[ISSUE SIXTEEN]

Benedict College Theater Ensemble
Benedict College Theater Ensenble. Read about them below and in the right-hand column.

The Urgency of Difference and Sameness
Rep. Elijah Cummings As headlines appear every day about the racism ravaging our nation, we affirm our mission to join with others combatting racism, with Aesthetic Realism, the philosophy founded by the great American educator Eli Siegel, as our basis. With Baltimore recently a scene of turbulence and agony, Congressman Elijah Cummings (shown left), U.S. Representative of Maryland's 7th congressional district since 1996, earned the respect of people of all ages and skin color, speaking in behalf of justice, compassion, and CHANGE.
       The Alliance is proud of interviews with Congressman Cummings in Baltimore and Washington some years ago for the oral history project, "The Force of Ethics in Civil Rights." In the following video excerpt, Mr. Cummings tells of men and women who encouraged his desire for justice, and describes his first memories of racial injustice in Baltimore.
          

The spirit of Clarendon County continues.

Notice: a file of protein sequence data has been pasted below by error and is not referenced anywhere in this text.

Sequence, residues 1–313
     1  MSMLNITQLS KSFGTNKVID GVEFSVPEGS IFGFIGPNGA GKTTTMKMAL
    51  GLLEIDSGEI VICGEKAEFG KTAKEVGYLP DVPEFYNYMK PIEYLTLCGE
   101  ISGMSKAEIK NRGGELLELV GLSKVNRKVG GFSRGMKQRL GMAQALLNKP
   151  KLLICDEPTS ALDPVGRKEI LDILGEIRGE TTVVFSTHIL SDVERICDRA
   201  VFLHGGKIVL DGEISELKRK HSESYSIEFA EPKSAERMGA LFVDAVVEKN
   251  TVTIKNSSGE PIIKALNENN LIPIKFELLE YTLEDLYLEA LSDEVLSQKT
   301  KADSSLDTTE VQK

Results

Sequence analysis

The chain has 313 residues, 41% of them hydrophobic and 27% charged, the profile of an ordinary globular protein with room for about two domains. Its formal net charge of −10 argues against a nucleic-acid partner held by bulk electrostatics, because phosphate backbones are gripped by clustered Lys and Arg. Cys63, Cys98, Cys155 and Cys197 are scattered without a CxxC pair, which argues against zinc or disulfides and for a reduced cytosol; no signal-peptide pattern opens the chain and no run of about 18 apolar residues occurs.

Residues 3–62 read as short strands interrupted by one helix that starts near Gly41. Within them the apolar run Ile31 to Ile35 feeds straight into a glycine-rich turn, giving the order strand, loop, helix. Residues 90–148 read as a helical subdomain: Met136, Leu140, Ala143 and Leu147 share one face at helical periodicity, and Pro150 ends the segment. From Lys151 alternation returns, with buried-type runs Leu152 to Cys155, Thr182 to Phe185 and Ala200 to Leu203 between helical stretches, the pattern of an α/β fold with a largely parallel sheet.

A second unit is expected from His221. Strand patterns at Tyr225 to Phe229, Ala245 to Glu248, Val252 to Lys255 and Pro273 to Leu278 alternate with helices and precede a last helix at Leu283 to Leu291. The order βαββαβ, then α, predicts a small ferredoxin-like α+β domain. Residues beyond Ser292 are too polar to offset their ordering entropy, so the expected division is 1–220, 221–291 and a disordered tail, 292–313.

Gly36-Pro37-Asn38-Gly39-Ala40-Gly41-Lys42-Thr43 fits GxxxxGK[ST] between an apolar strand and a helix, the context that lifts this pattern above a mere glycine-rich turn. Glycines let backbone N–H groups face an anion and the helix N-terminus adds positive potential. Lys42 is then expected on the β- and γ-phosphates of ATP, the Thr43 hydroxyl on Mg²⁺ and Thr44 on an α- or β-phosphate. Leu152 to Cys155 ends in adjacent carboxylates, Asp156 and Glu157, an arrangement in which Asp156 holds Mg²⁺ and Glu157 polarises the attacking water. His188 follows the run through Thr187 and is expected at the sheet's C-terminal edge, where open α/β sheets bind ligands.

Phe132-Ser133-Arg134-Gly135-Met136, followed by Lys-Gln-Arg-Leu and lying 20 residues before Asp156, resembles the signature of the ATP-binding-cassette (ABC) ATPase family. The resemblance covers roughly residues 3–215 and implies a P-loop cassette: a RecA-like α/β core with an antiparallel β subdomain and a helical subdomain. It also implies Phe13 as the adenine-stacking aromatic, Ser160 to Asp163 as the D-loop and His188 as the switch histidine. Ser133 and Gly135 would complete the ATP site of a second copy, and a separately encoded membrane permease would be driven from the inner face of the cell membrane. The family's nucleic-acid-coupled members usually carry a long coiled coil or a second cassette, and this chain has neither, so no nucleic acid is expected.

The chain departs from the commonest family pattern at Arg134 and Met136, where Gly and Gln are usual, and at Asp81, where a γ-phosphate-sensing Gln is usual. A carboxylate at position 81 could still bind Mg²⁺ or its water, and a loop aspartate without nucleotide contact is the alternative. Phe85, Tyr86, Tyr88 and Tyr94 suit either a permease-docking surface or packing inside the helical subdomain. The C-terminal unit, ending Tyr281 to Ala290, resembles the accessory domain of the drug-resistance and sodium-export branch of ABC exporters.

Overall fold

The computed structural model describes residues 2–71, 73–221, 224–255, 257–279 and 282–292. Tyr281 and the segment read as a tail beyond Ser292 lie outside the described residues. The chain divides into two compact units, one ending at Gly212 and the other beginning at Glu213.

An audience of 600 people--young and old--in New York State attended our production of "The People of Clarendon County"--A Play by Ossie Davis, & the Answer to Racism! In this performance, actors Allan Michael, Mugga, and Jeffrey Williams gave dramatic form to the story of the brave black parents in South Carolina who risked their lives in the 1950s to file a lawsuit for their children to have an education equal to that of white children. Dr. Jaime Torres, Onilaja Waters, Dr. Arnold Perey, Monique Michael, and Alice Bernstein told what they're so grateful to have learned from Aesthetic Realism about the cause and answer to racism, including in their own lives.
       AND--in South Carolina, students of Professor Charles David Brooks III, Prof. Charles David Brooks IIIHead of the Arts & Theatre Department at Benedict College in Columbia, gave 3 performances of Ossie Davis's play"The People of Clarendon County." This came about through a request by graduating senior, Carrington Hardin, to the professor. And we're grateful that in those South Carolina events, Professor Brooks (shown left) read the introduction by Alice Bernstein, which tells why Ossie Davis wanted his play performed in relation to Aesthetic Realism, believing the combination could be powerful in opposing racism.